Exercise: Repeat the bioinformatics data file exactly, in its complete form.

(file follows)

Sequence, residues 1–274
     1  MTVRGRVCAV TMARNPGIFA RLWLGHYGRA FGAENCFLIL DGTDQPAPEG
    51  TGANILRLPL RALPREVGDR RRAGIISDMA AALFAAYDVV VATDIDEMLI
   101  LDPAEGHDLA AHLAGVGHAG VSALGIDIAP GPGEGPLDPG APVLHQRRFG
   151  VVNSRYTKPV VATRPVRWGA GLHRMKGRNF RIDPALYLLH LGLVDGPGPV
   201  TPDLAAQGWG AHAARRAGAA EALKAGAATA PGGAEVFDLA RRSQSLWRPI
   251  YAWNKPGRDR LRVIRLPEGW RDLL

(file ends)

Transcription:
Sequence, residues 1–274
     1  MTVRGRVCAV TMARNPGIFA RLWLGHYGRA FGAENCFLIL DGTDQPAPEG
    51  TGANILRLPL RALPREVGDR RRAGIISDMA AALFAAYDVV VATDIDEMLI
   101  LDPAEGHDLA AHLAGVGHAG VSALGIDIAP GPGEGPLDPG APVLHQRRFG
   151  VVNSRYTKPV VATRPVRWGA GLHRMKGRNF RIDPALYLLH LGLVDGPGPV
   201  TPDLAAQGWG AHAARRAGAA EALKAGAATA PGGAEVFDLA RRSQSLWRPI
   251  YAWNKPGRDR LRVIRLPEGW RDLL